Scholarly Networks and the Emerging Platforms for Humanities Research & Publication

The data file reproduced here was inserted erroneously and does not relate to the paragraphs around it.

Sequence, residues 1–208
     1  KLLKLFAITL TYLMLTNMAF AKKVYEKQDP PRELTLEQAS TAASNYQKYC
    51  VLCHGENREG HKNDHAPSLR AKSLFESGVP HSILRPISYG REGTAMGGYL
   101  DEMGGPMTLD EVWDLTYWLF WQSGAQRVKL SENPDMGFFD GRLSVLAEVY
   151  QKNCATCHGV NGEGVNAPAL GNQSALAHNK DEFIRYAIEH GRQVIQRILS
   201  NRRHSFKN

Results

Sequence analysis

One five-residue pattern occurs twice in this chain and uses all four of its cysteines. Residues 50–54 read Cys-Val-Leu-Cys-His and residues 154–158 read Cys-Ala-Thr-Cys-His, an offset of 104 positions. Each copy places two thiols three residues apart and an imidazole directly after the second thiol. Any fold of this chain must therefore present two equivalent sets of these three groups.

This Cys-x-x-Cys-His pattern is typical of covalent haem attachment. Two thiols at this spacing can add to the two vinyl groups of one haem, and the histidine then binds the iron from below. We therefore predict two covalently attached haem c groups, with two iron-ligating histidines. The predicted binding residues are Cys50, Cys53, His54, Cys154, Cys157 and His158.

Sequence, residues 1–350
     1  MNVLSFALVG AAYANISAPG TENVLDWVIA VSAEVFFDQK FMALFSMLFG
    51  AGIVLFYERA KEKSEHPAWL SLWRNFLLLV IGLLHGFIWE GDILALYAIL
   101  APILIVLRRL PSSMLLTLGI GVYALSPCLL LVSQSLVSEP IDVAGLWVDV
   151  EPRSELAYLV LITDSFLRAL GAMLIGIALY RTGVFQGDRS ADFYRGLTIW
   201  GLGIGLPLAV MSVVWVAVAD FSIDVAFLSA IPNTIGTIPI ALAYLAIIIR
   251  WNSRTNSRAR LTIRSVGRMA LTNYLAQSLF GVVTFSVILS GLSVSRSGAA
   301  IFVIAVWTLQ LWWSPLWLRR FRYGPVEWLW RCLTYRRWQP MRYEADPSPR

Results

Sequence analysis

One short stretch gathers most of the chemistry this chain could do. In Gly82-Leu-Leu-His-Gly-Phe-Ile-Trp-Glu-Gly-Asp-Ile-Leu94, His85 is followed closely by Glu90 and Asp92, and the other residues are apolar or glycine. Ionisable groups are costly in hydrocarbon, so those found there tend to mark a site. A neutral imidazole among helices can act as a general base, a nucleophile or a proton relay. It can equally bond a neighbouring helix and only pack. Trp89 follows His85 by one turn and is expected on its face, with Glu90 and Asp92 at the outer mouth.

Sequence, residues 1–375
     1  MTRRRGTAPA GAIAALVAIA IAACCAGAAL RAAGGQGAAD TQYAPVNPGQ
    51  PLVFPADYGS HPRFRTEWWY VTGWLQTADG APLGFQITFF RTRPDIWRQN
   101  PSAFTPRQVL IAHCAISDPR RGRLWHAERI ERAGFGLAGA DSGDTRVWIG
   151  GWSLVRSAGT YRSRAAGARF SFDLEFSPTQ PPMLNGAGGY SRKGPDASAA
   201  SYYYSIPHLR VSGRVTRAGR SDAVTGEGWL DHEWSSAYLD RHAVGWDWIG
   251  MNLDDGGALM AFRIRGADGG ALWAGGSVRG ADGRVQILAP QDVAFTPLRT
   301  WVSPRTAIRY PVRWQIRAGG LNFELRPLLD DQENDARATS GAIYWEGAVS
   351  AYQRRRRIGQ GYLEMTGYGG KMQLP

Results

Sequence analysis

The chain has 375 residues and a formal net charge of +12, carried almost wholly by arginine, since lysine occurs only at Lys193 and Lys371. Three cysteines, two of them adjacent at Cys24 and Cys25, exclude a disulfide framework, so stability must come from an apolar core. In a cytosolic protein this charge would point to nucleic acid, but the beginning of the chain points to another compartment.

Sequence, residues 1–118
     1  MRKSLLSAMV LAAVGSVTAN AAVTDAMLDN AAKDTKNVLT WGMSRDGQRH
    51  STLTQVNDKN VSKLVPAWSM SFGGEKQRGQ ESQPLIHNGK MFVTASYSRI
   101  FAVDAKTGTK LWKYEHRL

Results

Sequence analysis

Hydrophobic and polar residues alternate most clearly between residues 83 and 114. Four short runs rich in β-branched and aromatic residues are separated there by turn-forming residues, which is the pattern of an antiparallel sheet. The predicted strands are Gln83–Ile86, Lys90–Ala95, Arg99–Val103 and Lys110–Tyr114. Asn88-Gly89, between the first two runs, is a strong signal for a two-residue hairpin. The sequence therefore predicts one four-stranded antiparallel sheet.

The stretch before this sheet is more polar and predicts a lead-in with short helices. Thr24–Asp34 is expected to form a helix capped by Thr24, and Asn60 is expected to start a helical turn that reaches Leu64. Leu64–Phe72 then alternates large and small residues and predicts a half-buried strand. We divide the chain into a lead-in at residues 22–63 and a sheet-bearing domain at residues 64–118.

In the age of data mining, distant reading, topic modeling and cultural analytics, scholars and researchers increasingly rely upon automated, algorithm-based procedures in order to parse their exponentially growing databases of digitized textual and visual resources. Yet, within this deeply networked and massively interactive environment, it is crucial to preserve the expert logic of primary and secondary sources, textual stability, citations, and other apparatus, which form the heritage and legacy of humanities scholarship. Scholars from the U.S., the U.K., and Italy shared their ideas, diverse experience, and work-in-progress in a Colloquium hosted by the Virtual Humanities Lab and the Library at Brown University. This issue of HS & DA contains a selection of the papers presented at the symposium (for a full list, visit http://library.brown.edu/create/dh/conference-scholarly-networks/).